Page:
action of a group of genes, rather than a single gene .
These genes and the associated control mechanisms may
represent potential targets for the prognosis and therapy of
Alteration in the p53 tumor suppressor gene seems to
be one of the most important events in human cancer. p53
is known to play a central role in sensing and signaling for
is overwhelming evidence that p53 gene alterations are early
and frequent events in esophageal cancer and that this gene
is associated with the malignant transformation of Barrett’s
Cyclooxygenase2 (COX2) affects many processes includ-
ing apoptosis, proliferation, angiogenesis, invasiveness, im-
munosuppression, and inflammation, which are important
in carcinogenesis, and is therefore an attractive therapeutic
target. Increased expression of COX2 was found in many
premalignant tissues and malignant tumors . COX2 is
not only becoming a sensitive marker for high-grade squa-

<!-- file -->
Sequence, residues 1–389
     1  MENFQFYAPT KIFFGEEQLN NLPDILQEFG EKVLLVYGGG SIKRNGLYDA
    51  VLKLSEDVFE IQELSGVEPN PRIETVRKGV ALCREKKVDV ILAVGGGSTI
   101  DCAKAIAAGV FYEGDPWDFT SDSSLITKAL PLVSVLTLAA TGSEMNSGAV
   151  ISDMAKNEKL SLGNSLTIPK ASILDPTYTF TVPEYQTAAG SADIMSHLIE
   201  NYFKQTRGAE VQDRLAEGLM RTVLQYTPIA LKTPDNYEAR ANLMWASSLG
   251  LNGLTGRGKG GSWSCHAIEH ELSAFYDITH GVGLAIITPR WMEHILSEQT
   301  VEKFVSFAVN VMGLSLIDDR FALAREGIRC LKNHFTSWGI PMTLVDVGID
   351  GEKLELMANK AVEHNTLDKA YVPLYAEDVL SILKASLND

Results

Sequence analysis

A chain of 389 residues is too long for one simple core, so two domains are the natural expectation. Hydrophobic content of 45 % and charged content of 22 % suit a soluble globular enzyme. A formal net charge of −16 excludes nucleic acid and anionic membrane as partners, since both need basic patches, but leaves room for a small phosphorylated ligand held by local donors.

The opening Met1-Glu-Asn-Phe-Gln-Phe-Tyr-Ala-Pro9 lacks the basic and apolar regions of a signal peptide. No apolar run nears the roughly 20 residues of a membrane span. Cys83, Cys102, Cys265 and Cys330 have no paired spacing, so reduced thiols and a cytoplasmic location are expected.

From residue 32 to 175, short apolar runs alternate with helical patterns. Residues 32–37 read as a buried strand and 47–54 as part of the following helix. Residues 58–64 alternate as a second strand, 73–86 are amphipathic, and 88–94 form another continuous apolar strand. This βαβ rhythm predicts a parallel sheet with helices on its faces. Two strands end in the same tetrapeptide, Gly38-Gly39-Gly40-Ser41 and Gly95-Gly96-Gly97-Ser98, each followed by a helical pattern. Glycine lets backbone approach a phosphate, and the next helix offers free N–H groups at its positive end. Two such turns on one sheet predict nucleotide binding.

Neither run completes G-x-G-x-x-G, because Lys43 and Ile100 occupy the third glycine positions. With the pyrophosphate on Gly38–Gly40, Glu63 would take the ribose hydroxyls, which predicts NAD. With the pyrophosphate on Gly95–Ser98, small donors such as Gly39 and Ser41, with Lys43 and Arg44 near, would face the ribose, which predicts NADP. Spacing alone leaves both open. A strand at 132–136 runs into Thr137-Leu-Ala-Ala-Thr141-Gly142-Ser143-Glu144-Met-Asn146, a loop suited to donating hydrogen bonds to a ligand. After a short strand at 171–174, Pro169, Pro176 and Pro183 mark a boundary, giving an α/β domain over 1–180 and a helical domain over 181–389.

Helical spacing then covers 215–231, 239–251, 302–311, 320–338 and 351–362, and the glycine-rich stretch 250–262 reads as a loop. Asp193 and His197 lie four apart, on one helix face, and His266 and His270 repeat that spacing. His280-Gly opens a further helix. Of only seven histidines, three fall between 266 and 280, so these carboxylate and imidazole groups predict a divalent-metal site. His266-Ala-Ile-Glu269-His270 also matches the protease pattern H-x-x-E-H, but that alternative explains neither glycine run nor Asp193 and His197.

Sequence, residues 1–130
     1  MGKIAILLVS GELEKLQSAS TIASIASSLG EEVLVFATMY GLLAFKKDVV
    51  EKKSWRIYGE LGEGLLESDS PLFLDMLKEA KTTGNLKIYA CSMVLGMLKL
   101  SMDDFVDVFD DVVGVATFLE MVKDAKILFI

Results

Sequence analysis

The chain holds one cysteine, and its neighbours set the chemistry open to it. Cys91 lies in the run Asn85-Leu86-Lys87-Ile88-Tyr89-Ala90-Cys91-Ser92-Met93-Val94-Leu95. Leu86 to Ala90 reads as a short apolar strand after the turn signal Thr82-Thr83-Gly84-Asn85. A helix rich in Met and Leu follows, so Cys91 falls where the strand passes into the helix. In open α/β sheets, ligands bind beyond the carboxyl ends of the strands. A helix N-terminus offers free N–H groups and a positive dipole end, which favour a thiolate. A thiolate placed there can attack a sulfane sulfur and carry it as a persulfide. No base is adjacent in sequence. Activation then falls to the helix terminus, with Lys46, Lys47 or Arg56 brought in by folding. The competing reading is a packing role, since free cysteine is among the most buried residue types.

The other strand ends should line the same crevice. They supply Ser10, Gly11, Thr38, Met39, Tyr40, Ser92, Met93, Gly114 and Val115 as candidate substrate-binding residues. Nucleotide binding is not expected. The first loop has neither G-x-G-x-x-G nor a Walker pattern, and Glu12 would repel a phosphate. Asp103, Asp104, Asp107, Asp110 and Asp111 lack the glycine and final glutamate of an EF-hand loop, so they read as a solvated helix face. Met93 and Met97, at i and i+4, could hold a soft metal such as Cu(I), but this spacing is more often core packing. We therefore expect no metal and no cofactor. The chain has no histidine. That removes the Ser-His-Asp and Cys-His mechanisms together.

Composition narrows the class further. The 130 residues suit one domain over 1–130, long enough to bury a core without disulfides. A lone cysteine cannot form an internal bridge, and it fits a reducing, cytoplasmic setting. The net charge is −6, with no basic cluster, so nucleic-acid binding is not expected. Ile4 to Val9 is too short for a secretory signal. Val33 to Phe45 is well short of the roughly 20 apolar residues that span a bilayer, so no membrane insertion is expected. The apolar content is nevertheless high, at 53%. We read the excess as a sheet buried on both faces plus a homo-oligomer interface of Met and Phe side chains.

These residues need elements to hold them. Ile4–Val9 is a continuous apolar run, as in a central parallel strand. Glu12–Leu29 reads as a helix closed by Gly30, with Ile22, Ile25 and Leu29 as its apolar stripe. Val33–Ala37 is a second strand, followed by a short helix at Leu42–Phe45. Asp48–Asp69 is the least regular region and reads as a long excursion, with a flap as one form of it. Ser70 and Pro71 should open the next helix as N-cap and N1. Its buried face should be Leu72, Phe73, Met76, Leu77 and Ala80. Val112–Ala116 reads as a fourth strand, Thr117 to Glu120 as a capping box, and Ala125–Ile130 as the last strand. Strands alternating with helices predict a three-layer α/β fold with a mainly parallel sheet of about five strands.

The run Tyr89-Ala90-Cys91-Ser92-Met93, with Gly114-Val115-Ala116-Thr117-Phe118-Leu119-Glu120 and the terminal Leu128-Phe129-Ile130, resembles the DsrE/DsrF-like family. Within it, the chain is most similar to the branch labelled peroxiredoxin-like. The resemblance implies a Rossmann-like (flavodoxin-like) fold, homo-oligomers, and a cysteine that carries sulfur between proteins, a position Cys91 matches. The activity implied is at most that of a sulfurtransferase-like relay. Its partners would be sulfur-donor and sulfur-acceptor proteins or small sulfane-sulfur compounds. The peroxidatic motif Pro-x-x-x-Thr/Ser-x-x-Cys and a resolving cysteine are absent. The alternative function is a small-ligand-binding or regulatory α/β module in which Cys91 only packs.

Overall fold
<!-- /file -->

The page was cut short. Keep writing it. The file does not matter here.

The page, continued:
mous epithelial dysplasia of the esophagus and of Barrett’s
esophagus but also a target for the therapy and prevention of
Although many studies have been performed to assess
the possible pivotal role of p53 and COX2 in esophageal
cancer progression, there are few on the mutual relationships
between p53 and COX2 from the standpoint of a series
of mechanisms. Therefore, we conducted an immunohisto-
chemical evaluation of the expression of p53 and COX2 in
esophageal cancer induced by chronic duodenal reflux.
Eight-week-old male Wistar rats with a body weight of about
300g were used for the experiments. They were allowed
to acclimate for 2 weeks prior to surgery. Solid food was
Esophagoduodenal anastomosis with total gastrectomy (EDA)
Figure 1: EDA model: Esophagoduodenal anastomosis with total
withdrawn 1 day before and for 1 day after surgery. In 30